In this paper I present a transcendental argument based on the findings of cognitive psychology and neurophysiology which invites two conclusions: First and foremost, that a pre-condition of visual perception itself is precisely what the Aristotelian and other commonsense realists maintain, namely, the independent existence of a featured, or pre-packaged world; second, this finding, combined with other reflections, suggests that, contra McDowell and other neo-Kantians, human beings have access to things as they are in the world via non-projective perception. (...) These two conclusions taken together form the basis of Aristotelian metaphysical realism and a refutation of the neo-Kantian two-factor approach to perception. (shrink)
1.Competition between philosophical theories of linguistic meaning is sometimes specious. For example, suppose Ned believes that an utterance’s meaning is its truth-condition, while Ted insists that the utterance’s meaning is constituted by the speaker’s communicative intentions à la Grice.Here one wants to distinguish explananda:What Ned is after is really the utterance’s (“timeless”) sentence-meaning; Ted is focusing on speaker-meaning, which is not the same, and the two theories are perfectly compatible, indeed mutually complementary, accounts of distinct phenomena.
Despite various attempts to rectify matters, the internalism-externalism (I-E) debate in epistemology remains mired in serious confusion. I present a new account of this debate, one which fits well with entrenched views on the I-E distinction and illuminates the fundamental disagreements at the heart of the debate. Roughly speaking, the I-E debate is over whether or not certain of the necessary conditions of positive epistemic status are internal. But what is the sense of internal here? And of which conditions of (...) which positive epistemic status are we speaking? I argue that an adequate answer to these questions requires reference to what I call the no-defeater condition which is satisfied by a subjects belief B just in case she does not believe that B is defeated. I close by stating succinctly the main positions taken in the I-E debate, identifying the basic points of disagreement and suggesting fruitful courses for future discussion. (shrink)
In “Control, Responsibility, and Moral Assessment” Angela Smith defends her nonvoluntarist theory of moral responsibility against the charge that any such view is shallow because it cannot capture the depth of judgments of responsibility. Only voluntarist positions can do this since only voluntarist positions allow for control. I argue that Smith is able to deflect the voluntarists’ criticism, but only with further resources. As a voluntarist, I also concede that Smith’s thesis has force, and I close with a compromise position, (...) one that allows for direct moral responsibility for the nonvoluntary, but also incorporates a reasonable control condition. (shrink)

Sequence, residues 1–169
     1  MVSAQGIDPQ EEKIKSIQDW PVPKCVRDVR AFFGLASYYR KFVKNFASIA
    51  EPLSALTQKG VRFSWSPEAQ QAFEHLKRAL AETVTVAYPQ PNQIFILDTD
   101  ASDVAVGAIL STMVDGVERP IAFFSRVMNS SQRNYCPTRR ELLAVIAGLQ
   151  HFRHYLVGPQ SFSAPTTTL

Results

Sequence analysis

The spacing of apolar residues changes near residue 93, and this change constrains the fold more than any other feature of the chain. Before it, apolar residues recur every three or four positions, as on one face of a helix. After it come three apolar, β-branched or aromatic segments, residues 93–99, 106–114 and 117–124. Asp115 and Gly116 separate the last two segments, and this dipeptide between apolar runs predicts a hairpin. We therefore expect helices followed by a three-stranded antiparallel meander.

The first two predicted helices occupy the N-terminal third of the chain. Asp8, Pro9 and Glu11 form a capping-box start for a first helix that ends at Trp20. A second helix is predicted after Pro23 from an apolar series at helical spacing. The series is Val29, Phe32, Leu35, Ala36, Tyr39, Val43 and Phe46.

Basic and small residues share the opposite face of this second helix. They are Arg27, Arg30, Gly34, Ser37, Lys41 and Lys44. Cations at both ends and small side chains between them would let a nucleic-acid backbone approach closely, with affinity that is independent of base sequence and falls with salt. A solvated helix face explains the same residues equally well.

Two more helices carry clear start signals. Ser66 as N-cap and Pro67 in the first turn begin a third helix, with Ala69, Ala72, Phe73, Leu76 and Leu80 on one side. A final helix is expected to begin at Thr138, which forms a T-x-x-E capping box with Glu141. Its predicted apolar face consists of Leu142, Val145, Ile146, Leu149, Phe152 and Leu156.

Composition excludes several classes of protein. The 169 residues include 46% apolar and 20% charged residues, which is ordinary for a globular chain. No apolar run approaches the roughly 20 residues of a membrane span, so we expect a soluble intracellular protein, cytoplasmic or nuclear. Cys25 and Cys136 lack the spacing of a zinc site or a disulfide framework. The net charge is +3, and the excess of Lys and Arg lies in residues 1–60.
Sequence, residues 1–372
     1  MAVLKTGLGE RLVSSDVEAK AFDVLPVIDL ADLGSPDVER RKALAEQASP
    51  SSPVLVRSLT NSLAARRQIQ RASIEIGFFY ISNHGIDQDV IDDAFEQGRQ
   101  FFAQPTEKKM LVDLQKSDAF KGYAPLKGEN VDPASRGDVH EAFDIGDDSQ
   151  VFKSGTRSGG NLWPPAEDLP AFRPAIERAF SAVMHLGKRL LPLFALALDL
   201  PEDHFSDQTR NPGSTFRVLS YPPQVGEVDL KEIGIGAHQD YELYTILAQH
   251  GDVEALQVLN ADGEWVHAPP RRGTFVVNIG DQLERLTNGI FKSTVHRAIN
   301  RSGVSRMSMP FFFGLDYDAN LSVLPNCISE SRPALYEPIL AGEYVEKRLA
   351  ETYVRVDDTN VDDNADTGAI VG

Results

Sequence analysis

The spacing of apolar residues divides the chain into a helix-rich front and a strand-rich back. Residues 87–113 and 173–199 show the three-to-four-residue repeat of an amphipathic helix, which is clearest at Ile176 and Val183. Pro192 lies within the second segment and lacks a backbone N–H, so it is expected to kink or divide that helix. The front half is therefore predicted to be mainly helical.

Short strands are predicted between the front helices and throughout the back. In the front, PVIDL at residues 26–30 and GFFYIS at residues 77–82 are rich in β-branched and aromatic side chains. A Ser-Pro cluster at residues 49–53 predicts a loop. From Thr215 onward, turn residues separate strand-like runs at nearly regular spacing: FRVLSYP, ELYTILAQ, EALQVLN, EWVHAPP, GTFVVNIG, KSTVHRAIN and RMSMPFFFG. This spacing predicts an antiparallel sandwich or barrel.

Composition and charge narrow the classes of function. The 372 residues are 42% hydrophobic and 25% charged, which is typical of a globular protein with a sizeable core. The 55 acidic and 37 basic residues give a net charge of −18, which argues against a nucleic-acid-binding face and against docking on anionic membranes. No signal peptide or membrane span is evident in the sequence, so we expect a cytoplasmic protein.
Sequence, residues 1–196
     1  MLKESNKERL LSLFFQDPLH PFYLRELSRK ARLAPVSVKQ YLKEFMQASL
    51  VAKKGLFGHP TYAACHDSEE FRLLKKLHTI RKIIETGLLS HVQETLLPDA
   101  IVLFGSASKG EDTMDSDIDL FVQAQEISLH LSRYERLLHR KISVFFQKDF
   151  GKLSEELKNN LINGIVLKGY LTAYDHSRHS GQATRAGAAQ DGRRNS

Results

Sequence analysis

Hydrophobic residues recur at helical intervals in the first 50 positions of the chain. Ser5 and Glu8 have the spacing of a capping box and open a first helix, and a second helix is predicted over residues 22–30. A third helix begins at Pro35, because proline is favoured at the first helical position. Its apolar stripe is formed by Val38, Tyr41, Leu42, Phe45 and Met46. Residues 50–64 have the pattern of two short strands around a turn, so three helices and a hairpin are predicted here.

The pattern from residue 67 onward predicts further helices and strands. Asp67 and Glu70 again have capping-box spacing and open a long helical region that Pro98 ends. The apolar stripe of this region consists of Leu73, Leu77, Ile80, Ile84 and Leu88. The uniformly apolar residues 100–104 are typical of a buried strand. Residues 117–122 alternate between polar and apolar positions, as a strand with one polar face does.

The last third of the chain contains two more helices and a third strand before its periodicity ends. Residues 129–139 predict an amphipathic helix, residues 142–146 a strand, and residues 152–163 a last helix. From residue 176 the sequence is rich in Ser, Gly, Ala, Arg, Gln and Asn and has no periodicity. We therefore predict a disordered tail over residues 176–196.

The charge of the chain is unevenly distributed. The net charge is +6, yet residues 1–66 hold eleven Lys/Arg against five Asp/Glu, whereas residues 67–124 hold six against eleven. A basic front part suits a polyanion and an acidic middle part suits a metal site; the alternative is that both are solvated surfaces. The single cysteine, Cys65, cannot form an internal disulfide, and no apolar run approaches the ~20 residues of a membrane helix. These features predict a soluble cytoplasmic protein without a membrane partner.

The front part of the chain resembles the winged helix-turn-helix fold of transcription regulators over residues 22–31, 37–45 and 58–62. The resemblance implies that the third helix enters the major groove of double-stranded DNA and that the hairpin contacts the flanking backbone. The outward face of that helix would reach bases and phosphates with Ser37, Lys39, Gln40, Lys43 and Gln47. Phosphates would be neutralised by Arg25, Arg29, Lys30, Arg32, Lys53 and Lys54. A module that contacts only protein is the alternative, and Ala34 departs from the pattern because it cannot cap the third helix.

expose some gaps and difficulties in the argument for the causal Markov condition in our essay ‘Independence, Invariance and the Causal Markov Condition’ (), and we are grateful for the opportunity to reformulate our position. In particular, Cartwright disagrees vigorously with many of the theses we advance about the connection between causation and manipulation. Although we are not persuaded by some of her criticisms, we shall confine ourselves to showing how our central argument can be reconstructed and to (...) casting doubt on Cartwright's claim that the causal Markov condition typically fails when there are indeterministic by-products. Why believe the causal Markov condition? Causation and manipulation The argument Indeterministic by-products and the causal Markov condition The chemical factory counterexample and PM2 Conclusions: causation and manipulability. (shrink)
The ’microcausality’ condition in quantum field theory is typically presented and justified on the basis of general principles of physical causality. I explore in detail a number of alternative causal interpretations of this condition. I conclude that none is fully satisfactory, independent of further and controversial assumptions about the object and scope of quantum field theories. In particular the stronger causalreadings require a fully reductionist and fundamentalist attitude to quantum field theory. I argue, in a deflationary spirit, for (...) a reading of the ‘microcausality’ condition as merely a boundary condition, inspired by Relativity, that different possible formulations of quantum field theory must obey. (shrink)